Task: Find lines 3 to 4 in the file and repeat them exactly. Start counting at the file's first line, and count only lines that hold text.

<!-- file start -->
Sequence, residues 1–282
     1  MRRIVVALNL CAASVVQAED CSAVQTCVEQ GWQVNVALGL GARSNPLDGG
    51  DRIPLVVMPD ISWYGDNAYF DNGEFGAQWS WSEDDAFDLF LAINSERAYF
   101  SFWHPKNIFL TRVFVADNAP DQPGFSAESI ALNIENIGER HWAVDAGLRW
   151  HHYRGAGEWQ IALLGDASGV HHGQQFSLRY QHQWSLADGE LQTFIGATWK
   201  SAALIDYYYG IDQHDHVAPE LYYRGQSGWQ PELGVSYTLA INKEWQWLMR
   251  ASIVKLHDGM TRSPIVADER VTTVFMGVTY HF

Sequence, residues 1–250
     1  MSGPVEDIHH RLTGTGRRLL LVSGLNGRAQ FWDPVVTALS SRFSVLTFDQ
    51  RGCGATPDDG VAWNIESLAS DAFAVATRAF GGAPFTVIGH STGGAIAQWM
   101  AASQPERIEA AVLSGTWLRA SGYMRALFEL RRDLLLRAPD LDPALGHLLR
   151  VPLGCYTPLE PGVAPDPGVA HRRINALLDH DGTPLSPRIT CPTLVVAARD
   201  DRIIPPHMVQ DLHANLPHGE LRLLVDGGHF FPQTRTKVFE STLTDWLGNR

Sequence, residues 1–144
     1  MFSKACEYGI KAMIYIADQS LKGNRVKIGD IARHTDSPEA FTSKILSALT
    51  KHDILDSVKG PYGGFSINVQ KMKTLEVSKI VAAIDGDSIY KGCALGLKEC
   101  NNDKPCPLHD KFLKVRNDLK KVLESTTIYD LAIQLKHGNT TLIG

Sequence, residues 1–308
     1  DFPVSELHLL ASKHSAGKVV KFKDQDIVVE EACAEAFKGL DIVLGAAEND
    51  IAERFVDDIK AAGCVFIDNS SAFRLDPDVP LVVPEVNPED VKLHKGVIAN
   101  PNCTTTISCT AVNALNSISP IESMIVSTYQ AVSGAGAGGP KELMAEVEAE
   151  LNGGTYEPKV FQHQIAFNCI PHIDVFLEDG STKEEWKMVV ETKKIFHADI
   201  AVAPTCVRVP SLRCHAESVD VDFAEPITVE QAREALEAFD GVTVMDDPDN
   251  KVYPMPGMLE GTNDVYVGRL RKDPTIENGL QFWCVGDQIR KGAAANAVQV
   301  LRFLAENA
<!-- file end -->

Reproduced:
    51  DRIPLVVMPD ISWYGDNAYF DNGEFGAQWS WSEDDAFDLF LAINSERAYF
   101  SFWHPKNIFL TRVFVADNAP DQPGFSAESI ALNIENIGER HWAVDAGLRW